|All Trimesters||D||Studies in pregnant women have demonstrated a risk to the fetus. However, the benefits of therapy in a life threatening situation or a serious disease, may outweigh the potential risk.|
There are no adequate studies in women for determining infant risk when using this medication during breastfeeding. Weigh the potential benefits against the potential risks before taking this medication while breastfeeding.
Using amiodarone with any of the following medicines is not recommended. Your doctor may decide not to treat you with this medication or change some of the other medicines you take.
Using amiodarone with any of the following medicines is usually not recommended, but may be required in some cases. If both medicines are prescribed together, your doctor may change the dose or how often you use one or both of the medicines.
Using amiodarone with any of the following medicines may cause an increased risk of certain side effects, but using both drugs may be the best treatment for you. If both medicines are prescribed together, your doctor may change the dose or how often you use one or both of the medicines.
Certain medicines should not be used at or around the time of eating food or eating certain types of food since interactions may occur. Using alcohol or tobacco with certain medicines may also cause interactions to occur. Discuss with your healthcare professional the use of your medicine with food, alcohol, or tobacco.
Using amiodarone with any of the following may cause an increased risk of certain side effects but may be unavoidable in some cases. If used together, your doctor may change the dose or how often you use amiodarone, or give you special instructions about the use of food, alcohol, or tobacco.
The presence of other medical problems may affect the use of amiodarone. Make sure you tell your doctor if you have any other medical problems, especially:
A nurse or other trained health professional will give you amiodarone in a hospital. amiodarone is given through a needle placed in one of your veins.
Your doctor will give you a few doses of amiodarone until your condition improves, and then switch you to an oral medicine that works the same way. If you have any concerns about this, talk to your doctor.
It is very important that your doctor check your progress while you receive amiodarone to make sure that it is working properly. Blood tests may be needed to check for unwanted effects.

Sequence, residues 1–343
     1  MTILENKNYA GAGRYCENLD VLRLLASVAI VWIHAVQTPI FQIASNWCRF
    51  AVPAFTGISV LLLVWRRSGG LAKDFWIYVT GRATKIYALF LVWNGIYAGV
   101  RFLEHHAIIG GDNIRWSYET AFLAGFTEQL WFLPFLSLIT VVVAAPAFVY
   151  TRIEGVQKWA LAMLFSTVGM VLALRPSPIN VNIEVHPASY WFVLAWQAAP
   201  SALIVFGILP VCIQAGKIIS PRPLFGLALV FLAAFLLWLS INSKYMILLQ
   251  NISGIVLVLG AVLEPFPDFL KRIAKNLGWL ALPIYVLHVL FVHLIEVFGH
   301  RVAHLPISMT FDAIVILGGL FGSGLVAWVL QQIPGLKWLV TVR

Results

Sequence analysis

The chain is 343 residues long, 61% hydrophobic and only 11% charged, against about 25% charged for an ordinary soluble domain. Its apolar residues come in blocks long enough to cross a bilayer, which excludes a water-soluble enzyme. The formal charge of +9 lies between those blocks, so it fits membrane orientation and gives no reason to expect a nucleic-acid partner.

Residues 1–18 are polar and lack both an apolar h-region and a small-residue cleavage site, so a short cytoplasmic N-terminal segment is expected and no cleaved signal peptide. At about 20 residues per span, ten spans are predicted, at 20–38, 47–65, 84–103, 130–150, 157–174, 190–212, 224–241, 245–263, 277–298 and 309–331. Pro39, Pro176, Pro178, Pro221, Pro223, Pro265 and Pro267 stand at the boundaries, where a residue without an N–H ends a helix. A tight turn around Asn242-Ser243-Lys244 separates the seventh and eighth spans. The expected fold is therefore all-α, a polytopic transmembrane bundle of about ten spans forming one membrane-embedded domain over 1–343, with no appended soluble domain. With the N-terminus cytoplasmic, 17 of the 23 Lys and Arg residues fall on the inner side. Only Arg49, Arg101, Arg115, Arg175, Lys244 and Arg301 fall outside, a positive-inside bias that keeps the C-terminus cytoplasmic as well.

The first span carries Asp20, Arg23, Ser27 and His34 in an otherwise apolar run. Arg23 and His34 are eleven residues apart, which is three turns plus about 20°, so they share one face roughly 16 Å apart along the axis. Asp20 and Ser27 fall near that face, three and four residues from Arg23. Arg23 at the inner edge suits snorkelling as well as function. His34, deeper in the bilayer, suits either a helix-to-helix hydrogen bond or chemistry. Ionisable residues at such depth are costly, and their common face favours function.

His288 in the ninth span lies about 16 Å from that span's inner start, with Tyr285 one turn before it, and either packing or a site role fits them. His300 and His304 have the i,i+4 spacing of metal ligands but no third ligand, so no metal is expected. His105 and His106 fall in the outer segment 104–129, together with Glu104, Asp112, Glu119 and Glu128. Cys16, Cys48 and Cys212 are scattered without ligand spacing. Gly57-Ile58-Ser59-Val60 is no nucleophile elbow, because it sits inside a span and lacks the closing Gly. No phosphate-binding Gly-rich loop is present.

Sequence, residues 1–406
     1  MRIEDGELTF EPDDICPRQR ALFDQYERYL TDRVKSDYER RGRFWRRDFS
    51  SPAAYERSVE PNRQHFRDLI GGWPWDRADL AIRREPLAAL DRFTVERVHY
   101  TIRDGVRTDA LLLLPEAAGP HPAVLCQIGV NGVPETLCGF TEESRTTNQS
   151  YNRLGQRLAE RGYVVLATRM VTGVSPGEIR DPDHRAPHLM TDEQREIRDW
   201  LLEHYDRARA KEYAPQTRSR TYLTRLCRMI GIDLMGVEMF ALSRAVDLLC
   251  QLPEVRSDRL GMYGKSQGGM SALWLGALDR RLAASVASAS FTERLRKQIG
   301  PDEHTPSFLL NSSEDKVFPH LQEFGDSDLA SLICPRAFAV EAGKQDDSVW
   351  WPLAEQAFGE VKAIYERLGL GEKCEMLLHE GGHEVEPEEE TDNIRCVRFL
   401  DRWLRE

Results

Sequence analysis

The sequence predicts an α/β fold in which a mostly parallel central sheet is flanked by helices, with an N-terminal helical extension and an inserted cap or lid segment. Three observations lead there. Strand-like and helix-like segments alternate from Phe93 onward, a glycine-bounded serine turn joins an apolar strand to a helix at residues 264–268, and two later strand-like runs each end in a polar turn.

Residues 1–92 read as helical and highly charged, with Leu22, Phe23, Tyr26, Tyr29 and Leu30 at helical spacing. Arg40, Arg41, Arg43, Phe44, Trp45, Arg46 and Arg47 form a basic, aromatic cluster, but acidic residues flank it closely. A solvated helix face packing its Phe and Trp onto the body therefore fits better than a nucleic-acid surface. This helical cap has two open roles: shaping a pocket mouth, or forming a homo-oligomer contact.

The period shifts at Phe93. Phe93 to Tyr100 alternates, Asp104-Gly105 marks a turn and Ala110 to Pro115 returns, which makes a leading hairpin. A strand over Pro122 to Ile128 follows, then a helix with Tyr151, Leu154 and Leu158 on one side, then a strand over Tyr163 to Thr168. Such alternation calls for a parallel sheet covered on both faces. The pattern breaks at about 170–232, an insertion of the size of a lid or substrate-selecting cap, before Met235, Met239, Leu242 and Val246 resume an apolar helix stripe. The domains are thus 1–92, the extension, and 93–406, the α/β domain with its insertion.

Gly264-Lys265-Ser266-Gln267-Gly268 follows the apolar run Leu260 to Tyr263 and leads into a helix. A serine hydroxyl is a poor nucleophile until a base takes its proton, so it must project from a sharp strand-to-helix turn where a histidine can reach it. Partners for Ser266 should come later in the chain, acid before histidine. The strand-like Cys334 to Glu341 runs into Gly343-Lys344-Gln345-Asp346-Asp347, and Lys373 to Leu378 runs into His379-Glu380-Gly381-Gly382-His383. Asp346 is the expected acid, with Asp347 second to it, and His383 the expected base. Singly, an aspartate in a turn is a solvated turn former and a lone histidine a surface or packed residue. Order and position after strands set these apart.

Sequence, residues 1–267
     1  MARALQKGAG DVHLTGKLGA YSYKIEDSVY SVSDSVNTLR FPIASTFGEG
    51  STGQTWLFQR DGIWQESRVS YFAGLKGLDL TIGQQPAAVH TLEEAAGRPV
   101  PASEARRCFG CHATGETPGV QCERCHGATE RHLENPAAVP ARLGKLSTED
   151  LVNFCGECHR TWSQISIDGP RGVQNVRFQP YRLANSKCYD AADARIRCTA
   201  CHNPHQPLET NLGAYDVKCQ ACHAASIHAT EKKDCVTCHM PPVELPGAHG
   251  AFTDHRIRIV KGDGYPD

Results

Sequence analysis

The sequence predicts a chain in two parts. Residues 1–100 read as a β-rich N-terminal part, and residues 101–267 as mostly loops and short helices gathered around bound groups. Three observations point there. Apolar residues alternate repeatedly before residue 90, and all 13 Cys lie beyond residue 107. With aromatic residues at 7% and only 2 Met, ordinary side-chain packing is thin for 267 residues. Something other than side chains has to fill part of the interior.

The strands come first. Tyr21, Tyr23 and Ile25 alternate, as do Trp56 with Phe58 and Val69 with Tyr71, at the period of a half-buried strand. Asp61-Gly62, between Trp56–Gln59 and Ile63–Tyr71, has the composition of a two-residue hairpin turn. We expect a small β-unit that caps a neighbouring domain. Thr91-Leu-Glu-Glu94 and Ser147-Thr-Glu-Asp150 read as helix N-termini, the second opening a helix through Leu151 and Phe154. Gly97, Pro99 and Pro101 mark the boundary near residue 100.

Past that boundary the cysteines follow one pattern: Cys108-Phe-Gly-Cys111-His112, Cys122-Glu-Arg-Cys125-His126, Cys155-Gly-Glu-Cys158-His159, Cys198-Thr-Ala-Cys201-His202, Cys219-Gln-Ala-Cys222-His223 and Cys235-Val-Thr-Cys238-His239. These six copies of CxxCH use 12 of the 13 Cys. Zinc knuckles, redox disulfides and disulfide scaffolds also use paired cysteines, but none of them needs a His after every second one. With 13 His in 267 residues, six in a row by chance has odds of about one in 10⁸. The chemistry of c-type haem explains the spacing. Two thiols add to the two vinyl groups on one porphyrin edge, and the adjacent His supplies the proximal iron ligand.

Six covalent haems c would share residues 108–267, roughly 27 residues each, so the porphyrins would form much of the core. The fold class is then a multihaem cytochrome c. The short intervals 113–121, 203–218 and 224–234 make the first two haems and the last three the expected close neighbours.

Using amiodarone while you are pregnant can harm your unborn baby. Use an effective form of birth control to keep from getting pregnant. If you think you have become pregnant while using the medicine, tell your doctor right away.
Dizziness, lightheadedness, or fainting may occur, especially when you get up suddenly from a lying or sitting position. These symptoms are more likely to occur when you begin using amiodarone, or when the dose is increased.
Liver problems may occur while you are using amiodarone. Check with your doctor right away if you are having more than one of these symptoms: abdominal pain or tenderness; clay-colored stools; dark urine; decreased appetite; fever; headache; itching; loss of appetite; nausea and vomiting; skin rash; swelling of the feet or lower legs; unusual tiredness or weakness; or yellow eyes or skin.
amiodarone can cause changes in your heart rhythm, such as a condition called QT prolongation. It may cause fainting or serious side effects in some patients. Contact your doctor right away if you have any symptoms of heart rhythm problems, such as fast, pounding, or irregular heartbeats.
Tell your doctor right away if you are having shortness of breath, chest tightness, wheezing, or any type of breathing problem while being treated with amiodarone.
Check with your doctor immediately if blurred vision, difficulty in reading, or any other change in vision occurs during or after treatment. Your doctor may want you to have your eyes checked by an ophthalmologist (eye doctor).
Grapefruits and grapefruit juice may increase the side effects from amiodarone injection by increasing the amount of amiodarone in your body. You should not eat grapefruit or drink grapefruit juice while you are using amiodarone.
Do not take other medicines unless they have been discussed with your doctor. This includes prescription or nonprescription (over-the-counter [OTC]) medicines and herbal (e.g., St. John's wort) or vitamin supplements.
Along with its needed effects, a medicine may cause some unwanted effects. Although not all of these side effects may occur, if they do occur they may need medical attention.
Check with your doctor or nurse immediately if any of the following side effects occur:More common
Some side effects may occur that usually do not need medical attention. These side effects may go away during treatment as your body adjusts to the medicine. Also, your health care professional may be able to tell you about ways to prevent or reduce some of these side effects. Check with your health care professional if any of the following side effects continue or are bothersome or if you have any questions about them:Incidence not known
Other side effects not listed may also occur in some patients. If you notice any other effects, check with your healthcare professional.
Call your doctor for medical advice about side effects. You may report side effects to the FDA at 1-800-FDA-1088.